June by Miranda Beverly-Whittemore is a novel that tests the reader’s patience. I kept waiting for resolution of Cassie’s dilemma, but she lacked the will to move, lying in bed in her recently inherited dilapidated mansion. Fresh from New York City where she had a disappointing showing of her photograph work, Cassie is too careless and depressed to pick up her camera. She does keep framing shots in her mind in spite of grieving the death of her grandmother, June.
every depression a little sunlight must shine, and in Cassie’s case it
comes in the sensations of sound and light, a knock on the door on a
sunny day. I expected a rapid turnaround for Cassie but the pace of the
novel did not change much with the arrival at her door of a young man
approximately Cassie’s age with news about her inheritance. Nick has
interesting information that may be life changing for the twenty-five year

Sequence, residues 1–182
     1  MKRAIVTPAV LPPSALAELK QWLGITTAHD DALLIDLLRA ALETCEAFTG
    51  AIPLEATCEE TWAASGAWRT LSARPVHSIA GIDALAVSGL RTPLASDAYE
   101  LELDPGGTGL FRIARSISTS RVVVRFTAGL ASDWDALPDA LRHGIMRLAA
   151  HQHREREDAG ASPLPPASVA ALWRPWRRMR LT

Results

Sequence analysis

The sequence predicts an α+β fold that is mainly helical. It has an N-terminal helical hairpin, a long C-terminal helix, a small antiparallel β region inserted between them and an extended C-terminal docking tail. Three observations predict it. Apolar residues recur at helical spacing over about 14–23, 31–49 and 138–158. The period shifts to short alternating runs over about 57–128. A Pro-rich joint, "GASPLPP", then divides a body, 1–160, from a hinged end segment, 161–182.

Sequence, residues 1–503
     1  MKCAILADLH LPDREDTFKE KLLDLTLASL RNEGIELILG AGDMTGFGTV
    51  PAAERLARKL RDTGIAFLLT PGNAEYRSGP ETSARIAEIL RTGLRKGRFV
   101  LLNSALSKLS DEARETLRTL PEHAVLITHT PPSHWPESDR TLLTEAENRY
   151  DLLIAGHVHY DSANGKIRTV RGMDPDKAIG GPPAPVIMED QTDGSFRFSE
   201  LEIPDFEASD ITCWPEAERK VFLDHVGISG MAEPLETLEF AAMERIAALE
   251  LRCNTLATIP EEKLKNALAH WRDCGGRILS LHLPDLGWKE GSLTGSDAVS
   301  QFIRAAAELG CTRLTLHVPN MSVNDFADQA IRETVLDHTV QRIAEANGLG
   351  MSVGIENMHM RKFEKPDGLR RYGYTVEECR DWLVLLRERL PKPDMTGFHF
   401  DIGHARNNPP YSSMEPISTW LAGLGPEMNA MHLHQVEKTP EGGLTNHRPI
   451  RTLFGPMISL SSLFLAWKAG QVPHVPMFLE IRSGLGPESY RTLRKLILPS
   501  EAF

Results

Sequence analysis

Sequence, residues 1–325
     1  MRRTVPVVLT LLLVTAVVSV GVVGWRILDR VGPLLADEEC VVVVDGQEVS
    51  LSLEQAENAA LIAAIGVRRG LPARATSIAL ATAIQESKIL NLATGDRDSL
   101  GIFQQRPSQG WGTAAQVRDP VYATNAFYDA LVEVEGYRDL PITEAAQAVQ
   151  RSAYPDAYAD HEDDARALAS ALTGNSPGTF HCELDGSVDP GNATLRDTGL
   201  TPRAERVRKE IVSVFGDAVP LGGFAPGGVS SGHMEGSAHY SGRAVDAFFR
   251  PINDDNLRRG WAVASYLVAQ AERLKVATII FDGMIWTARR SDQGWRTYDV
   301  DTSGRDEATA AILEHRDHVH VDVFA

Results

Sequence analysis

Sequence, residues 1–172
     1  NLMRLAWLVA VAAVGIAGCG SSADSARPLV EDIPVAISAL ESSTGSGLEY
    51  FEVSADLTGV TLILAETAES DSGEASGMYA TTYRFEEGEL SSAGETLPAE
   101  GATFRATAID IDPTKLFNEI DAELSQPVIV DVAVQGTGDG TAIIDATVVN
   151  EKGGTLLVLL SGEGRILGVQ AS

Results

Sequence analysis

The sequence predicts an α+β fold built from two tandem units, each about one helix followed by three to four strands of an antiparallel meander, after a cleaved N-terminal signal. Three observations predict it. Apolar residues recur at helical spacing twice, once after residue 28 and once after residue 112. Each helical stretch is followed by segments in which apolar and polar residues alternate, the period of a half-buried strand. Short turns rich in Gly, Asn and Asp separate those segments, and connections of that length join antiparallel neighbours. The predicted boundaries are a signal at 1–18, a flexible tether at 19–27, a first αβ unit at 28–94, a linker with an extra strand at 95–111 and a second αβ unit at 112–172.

old recluse living in the small rural town of St. Jude, Ohio.
had a personal history unknown to her granddaughter that included a
brush with the bright lights and glamour of 1950s Hollywood. Famous star
Jack Montgomery had come to St. Jude then to shoot part of a movie, and
for some mysterious reason Cassie was now the recipient of a hidden
legacy. Now I was hooked and settled into the slow-paced unfolding of
The novel is presented in chapters alternating
between 1955 and 2015, between June’s young hopeful life and Cassie’s
continuing depressive symptoms. I found that I could only read for a
short time, an hour at most. After that, when confronted with a new
chapter, I put the novel down and looked for other things to do. But
patiently, I always looked forward to coming back to June.
current saying goes, reading June is not for everyone. The novel is
very well-written in the style of good historical novels. The mystery of
the novel is in the relationships between characters, both blood and
friendship, that create complex patterns of behavior over the decades.
Beverly-Wittemore's post-ironic writing is wonderful in her character
development and realistic depiction of life past and present in a small
isolated Midwestern town. The careful patient reader will be rewarded by
very good reading experiences in the 400 page novel.